Articles Posted in Cyanide Poisoning

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In Clear Spring, Maryland a few weeks back, an electrical malfunction in a stereo speaker caused a fire that sent a woman to the hospital to be treated for smoke inhalation. The woman was taken to Meritus Medical Center east of Hagerstown.

Authorities said the fire started at 5:46 a.m., when a stereo speaker on a living room shelf in the two-story home caught fire. The fire caused several hundred dollars in damages to the home and its contents. But even with so little damage, the fire required 15 firefighters from the towns of Clear Spring, Halfway, Maugansville, and Williamsport to hose down the house for five minutes to bring the fire under control.

Most importantly, a smoke alarm alerted the occupants of the fire. Without smoke detectors, the fire could have filled the house with hydrogen cyanide-laden smoke so quickly that the occupants would not have gotten out alive–and all because of a stereo speaker malfunction. Remember this story, so that you will make sure to check the batteries in the smoke alarms in your house.

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On October 6, 2011, the Fire Smoke Coalition launched the first Smoke Inhalation Treatment Database for use by EMTs, first responders and medical professionals throughout the world.

In the United States, residential fires are the third leading cause of fatal injury and the fifth most common cause of unintentional injury death, yet the majority of fire-related fatalities are NOT caused by severe burns–they are cause by smoke inhalation.

Despite the amount of fires in the U.S. decreasing each year, the amount of civilians dying in fires is actually increasing. For example, in 2009, 1,348,500 fires were attended by public fire departments, a decrease of 7.1 percent from the year before; however, 3,010 civilian fire deaths occurred, which is an increase of 9.3 percent.

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Paramedics in the Buffalo suburb of Tonawanda, NY have a new tool to help them save victims of smoke inhalation.

In late August, the paramedics announced that their ambulances will now carry supplies of the drug Cyanokit, which works to help those suffering from smoke inhalation by counteracting the chemicals in toxic gases and smoke. Other ambulance units around the country will likely do the same thing over time.

Paramedics are calling it a life-saving treatment. “It’s to benefit the citizens of our town and the firefighters who put their lives on the line, should anyone be overcome by smoke and the toxic effects of cyanide that’s in smoke,” said one paramedic.

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On May 19, the Fire Smoke Coalition sent out a press release saying that it “applauds the Congressional Fire Services Institute’s (CFSI) National Advisory Council (NAC) passage of A Resolution to Address a New Epidemic: Smoke Inhalation at its April board meeting.” CFSI is a leading non-partisan policy institute designed to educate members of Congress on the needs of our nation’s fire and emergency services.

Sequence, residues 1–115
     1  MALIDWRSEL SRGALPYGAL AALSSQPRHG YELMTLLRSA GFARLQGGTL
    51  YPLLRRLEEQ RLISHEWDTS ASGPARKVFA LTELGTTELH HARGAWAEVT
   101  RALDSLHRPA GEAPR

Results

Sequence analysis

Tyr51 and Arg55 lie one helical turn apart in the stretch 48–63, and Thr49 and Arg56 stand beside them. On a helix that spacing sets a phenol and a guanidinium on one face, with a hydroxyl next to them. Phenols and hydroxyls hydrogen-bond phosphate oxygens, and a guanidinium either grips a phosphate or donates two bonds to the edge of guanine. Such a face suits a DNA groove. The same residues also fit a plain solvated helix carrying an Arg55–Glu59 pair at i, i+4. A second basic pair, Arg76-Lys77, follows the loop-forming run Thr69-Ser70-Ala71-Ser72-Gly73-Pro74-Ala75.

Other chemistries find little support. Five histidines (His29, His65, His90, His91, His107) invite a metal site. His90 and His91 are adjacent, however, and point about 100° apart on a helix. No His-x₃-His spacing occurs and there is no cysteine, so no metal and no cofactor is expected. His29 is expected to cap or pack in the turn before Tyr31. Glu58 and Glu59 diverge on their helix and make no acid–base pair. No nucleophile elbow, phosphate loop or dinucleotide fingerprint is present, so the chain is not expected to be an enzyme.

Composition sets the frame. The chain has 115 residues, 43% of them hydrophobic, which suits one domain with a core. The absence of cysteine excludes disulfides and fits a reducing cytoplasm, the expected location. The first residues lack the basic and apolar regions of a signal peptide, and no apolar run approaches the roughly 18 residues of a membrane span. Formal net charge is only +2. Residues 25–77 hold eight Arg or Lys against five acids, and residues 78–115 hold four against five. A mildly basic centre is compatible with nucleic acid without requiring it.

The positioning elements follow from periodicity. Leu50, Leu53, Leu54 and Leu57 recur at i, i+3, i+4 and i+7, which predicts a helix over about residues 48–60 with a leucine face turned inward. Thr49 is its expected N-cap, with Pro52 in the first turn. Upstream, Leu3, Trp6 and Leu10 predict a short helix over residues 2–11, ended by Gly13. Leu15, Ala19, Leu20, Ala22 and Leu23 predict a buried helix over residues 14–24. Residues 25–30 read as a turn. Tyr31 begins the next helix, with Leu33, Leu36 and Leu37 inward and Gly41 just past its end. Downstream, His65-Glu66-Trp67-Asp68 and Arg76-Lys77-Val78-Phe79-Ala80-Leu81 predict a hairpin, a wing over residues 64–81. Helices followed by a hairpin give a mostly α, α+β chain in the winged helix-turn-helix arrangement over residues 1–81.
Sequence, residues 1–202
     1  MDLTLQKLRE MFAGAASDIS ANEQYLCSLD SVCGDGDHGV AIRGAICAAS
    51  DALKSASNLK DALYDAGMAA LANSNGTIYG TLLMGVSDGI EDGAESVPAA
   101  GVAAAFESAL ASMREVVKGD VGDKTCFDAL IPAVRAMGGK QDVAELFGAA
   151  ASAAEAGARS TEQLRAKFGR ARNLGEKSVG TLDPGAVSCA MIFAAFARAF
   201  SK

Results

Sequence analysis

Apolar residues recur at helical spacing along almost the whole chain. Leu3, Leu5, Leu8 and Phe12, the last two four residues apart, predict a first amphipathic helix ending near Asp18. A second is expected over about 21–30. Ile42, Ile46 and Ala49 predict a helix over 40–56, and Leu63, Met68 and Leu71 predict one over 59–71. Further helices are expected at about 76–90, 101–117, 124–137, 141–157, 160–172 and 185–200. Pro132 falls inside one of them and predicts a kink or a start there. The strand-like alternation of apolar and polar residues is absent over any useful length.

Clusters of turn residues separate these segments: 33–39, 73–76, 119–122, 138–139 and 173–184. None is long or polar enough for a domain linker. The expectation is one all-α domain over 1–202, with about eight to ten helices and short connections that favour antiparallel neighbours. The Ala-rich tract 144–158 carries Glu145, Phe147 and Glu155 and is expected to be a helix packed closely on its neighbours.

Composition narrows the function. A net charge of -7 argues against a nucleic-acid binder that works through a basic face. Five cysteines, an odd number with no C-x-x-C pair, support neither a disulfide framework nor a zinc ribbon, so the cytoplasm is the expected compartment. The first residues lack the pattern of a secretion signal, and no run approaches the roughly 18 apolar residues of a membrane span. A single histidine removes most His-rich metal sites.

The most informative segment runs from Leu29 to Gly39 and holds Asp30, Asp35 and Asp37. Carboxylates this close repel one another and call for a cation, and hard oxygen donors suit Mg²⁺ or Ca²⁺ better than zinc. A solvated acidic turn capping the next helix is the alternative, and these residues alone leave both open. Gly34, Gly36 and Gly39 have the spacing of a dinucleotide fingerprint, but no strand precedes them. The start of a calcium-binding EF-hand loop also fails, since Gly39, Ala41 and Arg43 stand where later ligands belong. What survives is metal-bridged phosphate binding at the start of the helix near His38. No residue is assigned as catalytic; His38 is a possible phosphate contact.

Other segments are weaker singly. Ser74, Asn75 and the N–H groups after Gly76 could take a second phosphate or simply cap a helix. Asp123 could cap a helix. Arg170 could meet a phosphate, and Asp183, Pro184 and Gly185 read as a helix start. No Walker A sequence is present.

In its resolution, CFSI notes that there is mounting proof, obtained through atmospheric monitoring on fire grounds throughout the U.S., that hydrogen cyanide (HCN) is a predominant toxicant found in fire smoke. The resolution calls for educating the fire service about the dangers of smoke inhalation–including those of HCN–through support of a national education program, the development of HCN poisoning treatment protocols for all local and state emergency medical services (EMS), and efforts by the Centers for Disease Control and Prevention (CDC) to establish a national database of smoke inhalation injuries, medical complications and deaths linked to HCN.

To learn even more about the Fire Smoke Coalition and about HCN poisoning, click on this link.

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Cyanide is a toxic chemical substance that is found in a gas or a salt form. The gaseous form is colorless with a bitter almonds odor. Cyanide can be ingested by mouth, inhaled or absorbed by the skin.

Cyanide is used in the synthesis of some plastic items; it can be used in cleaning metal as well as in other industrial or laboratory settings. Cyanide is also naturally present in some pits and seeds of fruits such as apricots and almonds but it’s in a small amount. Nitroprusside is a drug that may lead to cyanide toxicity if it’s given in an improper dose. During a house fire, cyanide gas is produced due to the combustion of common household materials. Inhalation of cyanide leads to cyanide poisoning. Cyanide can be used in chemical warfare and poisoning.

Cyanide simply works by decreasing the oxygen content of the blood by causing a chemical change that prevent oxygen from getting into the hemoglobin of the red blood cell and this will lead to tissue hypoxia.